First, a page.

• What actions preceded the habit?

Stickler for routines or you’re the type where not a care in the world is given when the notification bell rings? Know thyself and plan accordingly.

You might be very surprised to find out that the answers to these questions vary very much. For example, for an extrovert like myself, I am more likely to do something if I’ll be doing it with others, and am driven to perform when there is a sense of competition. This environment might be completely horrifying to an introvert who is motivated by intrinsic satisfaction. Bringing in the self-awareness on what you like and naturally prefer, creates a path of lesser resistance, and you will be more likely to successfully create new habits.

Part 2: Habit Stacking to reduce bad habits (credits to B.J. Foggs)

Formula: After/Before [CURRENT HABIT], I will [NEW HABIT].

Use the above questions in step 1 to identify the situations that usually trigger bad habits. Bad habits are no different from good habits. They are triggered by cues and reinforced by reward too.

Leverage on the current cue you already do each day and stack your new behaviour before or after the new habit. You can also use your existing bad habits as a reward for doing your new habit. Let’s say you want to cultivate a new habit of meditation, using the formula:

After [waking up], I [flip through social media].

Habit stack:

After [waking up], I will [meditate for 30 seconds]>>

After [meditating for 30 seconds], I [ flip through social media].

Link your new habits to a cycle that is already built into your brain, it is more likely that you’ll stick to the new behaviour.

Recap: build new habits easily by optimising conditions that you are naturally inclined towards, and reduce unhelpful ones via associating healthier habits with existing built-in behaviours.

Step 3: [What] — Strategies for Building Routines that Stick

Image for post

1. Set a timeline

See also  3 Lessons From Death And Dying In The Family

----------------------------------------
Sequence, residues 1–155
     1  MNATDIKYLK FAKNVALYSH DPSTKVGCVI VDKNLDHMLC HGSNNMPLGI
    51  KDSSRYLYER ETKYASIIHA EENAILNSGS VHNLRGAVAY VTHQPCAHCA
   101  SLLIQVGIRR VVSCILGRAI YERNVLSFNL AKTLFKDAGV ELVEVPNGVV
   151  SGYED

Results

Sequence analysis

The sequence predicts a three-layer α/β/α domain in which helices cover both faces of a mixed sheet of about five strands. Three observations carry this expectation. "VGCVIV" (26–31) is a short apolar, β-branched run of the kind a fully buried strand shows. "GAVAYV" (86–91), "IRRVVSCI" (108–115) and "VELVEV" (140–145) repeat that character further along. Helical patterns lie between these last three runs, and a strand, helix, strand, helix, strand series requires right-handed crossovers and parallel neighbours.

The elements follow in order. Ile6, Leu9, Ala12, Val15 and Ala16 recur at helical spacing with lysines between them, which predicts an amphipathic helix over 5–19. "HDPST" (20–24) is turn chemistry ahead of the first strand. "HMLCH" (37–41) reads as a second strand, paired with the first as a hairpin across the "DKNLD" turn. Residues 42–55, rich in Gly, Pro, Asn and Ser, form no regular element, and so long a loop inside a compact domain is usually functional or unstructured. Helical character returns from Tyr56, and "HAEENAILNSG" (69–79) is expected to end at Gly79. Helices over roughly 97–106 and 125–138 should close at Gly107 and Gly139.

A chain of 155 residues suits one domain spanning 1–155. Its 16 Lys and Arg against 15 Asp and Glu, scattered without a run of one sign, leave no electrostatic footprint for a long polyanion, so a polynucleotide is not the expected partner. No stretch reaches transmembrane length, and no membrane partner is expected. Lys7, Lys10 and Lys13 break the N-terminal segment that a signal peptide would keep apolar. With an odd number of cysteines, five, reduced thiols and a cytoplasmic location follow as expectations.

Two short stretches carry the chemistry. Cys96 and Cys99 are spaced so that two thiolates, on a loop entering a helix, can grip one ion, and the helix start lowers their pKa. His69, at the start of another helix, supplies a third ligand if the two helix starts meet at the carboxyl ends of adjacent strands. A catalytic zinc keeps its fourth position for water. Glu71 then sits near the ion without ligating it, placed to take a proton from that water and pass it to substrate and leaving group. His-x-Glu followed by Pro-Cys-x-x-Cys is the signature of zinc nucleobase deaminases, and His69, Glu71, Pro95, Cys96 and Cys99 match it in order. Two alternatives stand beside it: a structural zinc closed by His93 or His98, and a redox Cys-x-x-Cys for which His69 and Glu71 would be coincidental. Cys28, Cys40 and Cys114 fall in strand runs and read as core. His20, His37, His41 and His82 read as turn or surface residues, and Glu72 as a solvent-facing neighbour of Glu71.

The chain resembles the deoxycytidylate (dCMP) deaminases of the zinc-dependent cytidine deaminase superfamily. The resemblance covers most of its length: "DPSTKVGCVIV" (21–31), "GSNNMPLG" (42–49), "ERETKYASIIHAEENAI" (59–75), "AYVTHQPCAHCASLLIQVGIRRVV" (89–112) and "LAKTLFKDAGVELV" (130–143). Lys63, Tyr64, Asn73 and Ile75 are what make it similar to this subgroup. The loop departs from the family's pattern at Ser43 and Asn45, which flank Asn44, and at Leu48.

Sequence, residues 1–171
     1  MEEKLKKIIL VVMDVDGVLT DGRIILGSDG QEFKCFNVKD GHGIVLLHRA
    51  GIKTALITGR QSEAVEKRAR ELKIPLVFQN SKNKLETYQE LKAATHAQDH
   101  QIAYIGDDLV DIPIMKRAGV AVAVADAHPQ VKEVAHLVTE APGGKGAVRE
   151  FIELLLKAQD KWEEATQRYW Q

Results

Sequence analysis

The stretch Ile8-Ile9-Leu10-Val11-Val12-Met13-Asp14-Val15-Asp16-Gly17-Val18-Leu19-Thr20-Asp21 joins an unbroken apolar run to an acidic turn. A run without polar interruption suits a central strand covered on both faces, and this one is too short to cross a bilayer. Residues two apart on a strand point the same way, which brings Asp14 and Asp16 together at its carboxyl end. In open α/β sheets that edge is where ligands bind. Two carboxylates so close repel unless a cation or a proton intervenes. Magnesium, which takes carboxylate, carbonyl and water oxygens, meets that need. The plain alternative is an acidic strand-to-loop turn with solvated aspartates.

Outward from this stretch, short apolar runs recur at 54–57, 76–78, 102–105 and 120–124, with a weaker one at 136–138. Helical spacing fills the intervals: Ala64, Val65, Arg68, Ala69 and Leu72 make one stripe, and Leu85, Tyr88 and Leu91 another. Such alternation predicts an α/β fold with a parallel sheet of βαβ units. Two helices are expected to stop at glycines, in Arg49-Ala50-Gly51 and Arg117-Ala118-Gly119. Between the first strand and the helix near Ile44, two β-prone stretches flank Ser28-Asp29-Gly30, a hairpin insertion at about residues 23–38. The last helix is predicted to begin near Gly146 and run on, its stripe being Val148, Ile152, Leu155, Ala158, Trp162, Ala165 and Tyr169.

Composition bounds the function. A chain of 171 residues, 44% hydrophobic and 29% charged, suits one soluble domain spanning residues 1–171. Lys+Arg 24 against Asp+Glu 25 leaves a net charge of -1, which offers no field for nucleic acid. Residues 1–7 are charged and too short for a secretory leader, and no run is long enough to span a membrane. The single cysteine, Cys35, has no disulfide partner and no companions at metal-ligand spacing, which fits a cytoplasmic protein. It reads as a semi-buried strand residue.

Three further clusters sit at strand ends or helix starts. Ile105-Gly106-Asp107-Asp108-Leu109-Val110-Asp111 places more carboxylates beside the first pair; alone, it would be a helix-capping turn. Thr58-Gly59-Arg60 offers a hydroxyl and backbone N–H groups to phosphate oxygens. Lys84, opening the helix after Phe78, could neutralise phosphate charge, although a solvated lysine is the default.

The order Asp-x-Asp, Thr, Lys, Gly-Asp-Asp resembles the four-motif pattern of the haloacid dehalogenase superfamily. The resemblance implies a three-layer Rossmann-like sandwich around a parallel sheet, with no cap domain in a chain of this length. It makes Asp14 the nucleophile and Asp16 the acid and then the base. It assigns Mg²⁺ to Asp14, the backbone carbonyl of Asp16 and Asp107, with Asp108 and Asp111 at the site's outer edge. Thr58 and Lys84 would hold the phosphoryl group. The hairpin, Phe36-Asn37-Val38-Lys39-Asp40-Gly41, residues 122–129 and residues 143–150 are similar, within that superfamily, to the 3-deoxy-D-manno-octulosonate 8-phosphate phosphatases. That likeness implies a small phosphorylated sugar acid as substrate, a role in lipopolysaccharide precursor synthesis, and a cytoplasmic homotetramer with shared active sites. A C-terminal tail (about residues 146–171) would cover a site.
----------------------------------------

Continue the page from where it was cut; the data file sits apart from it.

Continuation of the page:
Pick one ambitious goal that is reasonable for a one year period. As much as possible, try to quantify that goal. An example of a good goal would be- I want to climb Macchu Picchu (1000m) by the end of the year.

2. Break it down into 4 milestone activities—

Milestone activities are events where a certain demonstration of the skillset that you were cultivating is required. It should be something that you feel slightly intimidated of, such as an assessment or competition, so that completing it will give you a satisfaction that you’re on the right track of progress and allow you to relish in the fruits of your efforts.

Depending on the goal you set, the milestone activity could be direct or indirectly related or flexible.

Direct Milestone Activities

Could be a numerical figure you want to achieve. For example, if you want to reach the peak of Mount Kinabalu by the end of the year, your quarterly milestone activities could be conquering mountains of incremental heights each quarter leading up to the goal.

Indirect Milestone Activities

More generically tied to fitness- such as joining a gruelling triathlon in the first quarter, and a week-long fitness bootcamp the second quarter.

Flexible Milestone Activities

Putting in some mix in your milestone activity is key in sustaining the habit over the long term. The activities itself does not matter, but rather the act of progressing in the desired direction, and developing the persistence is what will help sustain this lifestyle.